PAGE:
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Tuesday, July 3, 2012

This May 2nd hottest since 1880

New Delhi: It's not just India that is baking. Globally, too, this seems to be one of the worst summers in recorded history. The global average temperature for May was the second hottest ever since 1880—the year records were first compiled—the US National Climatic Data Centre has said. Only 2010 witnessed a worse May. 

    According to the NCDC, such a hot May has never been recorded in the northern hemisphere. No scientist will pin it on human-induced climate change—it is scientifically untenable to do so—but many affirm that these extreme weather phenomena are along predicted lines of rise in temperatures. For India, the looming possibility of El Nino dulling the monsoon rains means things could get worse. Weather systems kaput, world feels the heat 
New Delhi: India, and the world, seem to be feeling the heat this year. In the country, there is half a chance that the El Nino phenomenon will pick up intensity and hit the tail of the monsoon. Thirteen of the 20 times El Nino has been recorded, it has dimmed monsoon's intensity, causing widespread drought. Already, the northwest region of the country has suffered a rainfall deficit worse than the rest of India.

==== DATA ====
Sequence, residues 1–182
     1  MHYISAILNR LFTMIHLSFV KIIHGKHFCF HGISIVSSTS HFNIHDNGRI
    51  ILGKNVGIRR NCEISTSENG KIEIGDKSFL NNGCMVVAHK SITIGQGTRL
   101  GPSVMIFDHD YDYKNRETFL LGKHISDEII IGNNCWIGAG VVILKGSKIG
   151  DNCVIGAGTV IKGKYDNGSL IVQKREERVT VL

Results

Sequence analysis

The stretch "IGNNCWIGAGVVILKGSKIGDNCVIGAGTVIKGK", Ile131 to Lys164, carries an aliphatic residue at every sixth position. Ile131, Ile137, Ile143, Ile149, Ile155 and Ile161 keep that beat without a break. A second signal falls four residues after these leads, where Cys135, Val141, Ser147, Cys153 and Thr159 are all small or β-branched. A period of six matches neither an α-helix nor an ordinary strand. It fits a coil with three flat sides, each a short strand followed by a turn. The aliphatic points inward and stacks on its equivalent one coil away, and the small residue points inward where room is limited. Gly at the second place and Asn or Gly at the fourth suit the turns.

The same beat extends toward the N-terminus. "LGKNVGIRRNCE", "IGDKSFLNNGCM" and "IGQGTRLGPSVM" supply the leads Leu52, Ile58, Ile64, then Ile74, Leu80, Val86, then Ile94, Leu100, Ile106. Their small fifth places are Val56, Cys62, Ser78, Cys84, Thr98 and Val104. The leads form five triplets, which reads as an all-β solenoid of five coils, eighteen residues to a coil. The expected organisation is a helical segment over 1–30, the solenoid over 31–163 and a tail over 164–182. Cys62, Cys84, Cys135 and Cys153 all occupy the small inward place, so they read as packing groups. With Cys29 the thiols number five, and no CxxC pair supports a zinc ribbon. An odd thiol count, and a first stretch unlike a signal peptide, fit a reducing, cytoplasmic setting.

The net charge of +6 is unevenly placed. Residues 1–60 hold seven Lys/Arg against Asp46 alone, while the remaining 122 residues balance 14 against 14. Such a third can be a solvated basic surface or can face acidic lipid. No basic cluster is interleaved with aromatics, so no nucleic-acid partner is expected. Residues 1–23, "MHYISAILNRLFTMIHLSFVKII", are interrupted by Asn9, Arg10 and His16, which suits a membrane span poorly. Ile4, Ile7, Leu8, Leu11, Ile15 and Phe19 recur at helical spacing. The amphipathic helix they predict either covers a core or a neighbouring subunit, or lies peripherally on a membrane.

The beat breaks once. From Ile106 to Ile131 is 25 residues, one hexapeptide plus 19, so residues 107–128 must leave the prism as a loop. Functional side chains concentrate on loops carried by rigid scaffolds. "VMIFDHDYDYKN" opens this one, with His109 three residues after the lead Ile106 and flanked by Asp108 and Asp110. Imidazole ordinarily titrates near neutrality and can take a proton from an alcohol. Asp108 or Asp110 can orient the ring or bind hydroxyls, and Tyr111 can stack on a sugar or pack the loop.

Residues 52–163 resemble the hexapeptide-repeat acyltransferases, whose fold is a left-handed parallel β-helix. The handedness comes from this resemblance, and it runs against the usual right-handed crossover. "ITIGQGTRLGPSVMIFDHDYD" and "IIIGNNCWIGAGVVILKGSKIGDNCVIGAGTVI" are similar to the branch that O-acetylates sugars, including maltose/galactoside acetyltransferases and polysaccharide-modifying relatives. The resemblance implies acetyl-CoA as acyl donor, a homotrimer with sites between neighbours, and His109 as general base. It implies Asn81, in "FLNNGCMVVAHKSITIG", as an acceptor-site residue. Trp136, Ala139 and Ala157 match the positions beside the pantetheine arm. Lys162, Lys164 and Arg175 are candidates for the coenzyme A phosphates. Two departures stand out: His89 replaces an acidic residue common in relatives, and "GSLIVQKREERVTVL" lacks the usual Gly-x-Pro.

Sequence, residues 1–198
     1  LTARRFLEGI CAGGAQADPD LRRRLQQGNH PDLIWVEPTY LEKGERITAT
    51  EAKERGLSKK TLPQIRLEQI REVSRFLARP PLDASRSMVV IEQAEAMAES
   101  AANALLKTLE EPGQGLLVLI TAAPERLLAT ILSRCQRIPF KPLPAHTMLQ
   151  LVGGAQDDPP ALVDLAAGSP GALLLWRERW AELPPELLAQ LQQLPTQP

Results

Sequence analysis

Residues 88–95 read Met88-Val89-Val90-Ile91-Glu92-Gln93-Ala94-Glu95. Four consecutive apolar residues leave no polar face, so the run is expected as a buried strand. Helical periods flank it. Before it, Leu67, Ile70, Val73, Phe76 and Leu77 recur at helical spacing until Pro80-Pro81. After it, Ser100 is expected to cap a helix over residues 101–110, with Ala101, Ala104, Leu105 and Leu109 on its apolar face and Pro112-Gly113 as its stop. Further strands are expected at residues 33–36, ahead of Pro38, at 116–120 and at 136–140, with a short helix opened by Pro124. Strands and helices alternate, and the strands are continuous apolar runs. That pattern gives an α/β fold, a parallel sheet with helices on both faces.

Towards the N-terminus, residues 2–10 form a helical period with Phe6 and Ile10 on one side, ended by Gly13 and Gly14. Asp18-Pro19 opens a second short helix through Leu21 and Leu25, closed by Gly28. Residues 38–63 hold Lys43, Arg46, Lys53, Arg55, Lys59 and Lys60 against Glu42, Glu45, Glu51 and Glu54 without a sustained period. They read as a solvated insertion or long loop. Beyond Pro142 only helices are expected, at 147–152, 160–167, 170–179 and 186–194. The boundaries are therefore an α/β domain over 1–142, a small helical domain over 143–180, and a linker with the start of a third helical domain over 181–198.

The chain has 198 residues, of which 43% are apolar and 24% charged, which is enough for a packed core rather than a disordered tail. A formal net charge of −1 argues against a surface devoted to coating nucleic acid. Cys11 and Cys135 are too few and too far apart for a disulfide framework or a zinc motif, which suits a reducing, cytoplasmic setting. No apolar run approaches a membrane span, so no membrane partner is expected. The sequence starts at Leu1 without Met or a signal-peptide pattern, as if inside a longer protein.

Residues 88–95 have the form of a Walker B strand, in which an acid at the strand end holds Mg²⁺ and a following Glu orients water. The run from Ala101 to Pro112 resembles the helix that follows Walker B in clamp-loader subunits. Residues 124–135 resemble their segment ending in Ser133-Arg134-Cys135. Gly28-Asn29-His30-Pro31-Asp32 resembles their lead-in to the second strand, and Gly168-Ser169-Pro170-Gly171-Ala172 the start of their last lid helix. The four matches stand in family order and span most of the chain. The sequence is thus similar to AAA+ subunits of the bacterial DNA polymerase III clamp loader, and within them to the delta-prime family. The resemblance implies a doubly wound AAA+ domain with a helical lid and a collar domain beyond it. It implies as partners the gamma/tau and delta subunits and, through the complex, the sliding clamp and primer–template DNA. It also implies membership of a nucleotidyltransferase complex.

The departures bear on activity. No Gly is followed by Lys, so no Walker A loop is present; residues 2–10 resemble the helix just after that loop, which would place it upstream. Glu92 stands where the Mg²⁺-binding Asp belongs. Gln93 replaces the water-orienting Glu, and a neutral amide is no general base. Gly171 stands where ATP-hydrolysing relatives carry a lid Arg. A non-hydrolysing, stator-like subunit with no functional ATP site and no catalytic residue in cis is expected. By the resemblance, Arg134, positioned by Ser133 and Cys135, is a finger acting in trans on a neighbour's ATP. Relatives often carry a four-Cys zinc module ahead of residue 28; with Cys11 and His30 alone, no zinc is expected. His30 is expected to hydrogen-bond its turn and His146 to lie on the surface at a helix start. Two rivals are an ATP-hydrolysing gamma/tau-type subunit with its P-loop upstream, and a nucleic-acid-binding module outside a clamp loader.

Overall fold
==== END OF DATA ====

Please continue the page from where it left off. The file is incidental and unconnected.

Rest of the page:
But the misery of rising heat is being felt worldwide with "normal weather" systems in disarray. If large areas of the western Himalayas 
in Uttarakhand have suffered raging forest fires, so has the US — more than 8 lakh hectares have been engulfed in flames. The March-May period for the US has been the hottest ever. 
    Brazil is in the midst of its worst drought in five decades with more than 1,000 towns suffering. Heavy downpours and unheard of hail has hit China and flash floods have ravaged crops in Ethiopia. The Eurasian snow cover extent has been recorded at its smallest ever for the month of May since such records were maintained for the first time in 1967. The cover was 2.67 million sq km below average in May, the NCDC said. 

    The southern hemisphere, where winters prevail at the moment, too has been recording extremes like never before. The Australian winter has been exceptionally cold, with the fifth coolest 
winter minimum temperature in over half a century of record keeping. 
    The Antarctic sea ice extent has gone above the 1979-2000 average. In contrast, the Arctic sea ice recorded a 
much smaller than average extent for the same period. 
    The developed world is naturally better placed to adapt and manage in such extreme weather though even the resilience of societies with better financial and technological abilities has been tested. For developing countries such as India, the lack of resources to deploy in cases of emergency is too evident. Floods in Assam are normal, but the intensity this time, with early heavy rains, has left all the districts unprepared. Paddy cultivators across the country may still have a window period to sow in time for the Kharif crop to be reasonably normal.

TOO HOT TO HANDLE


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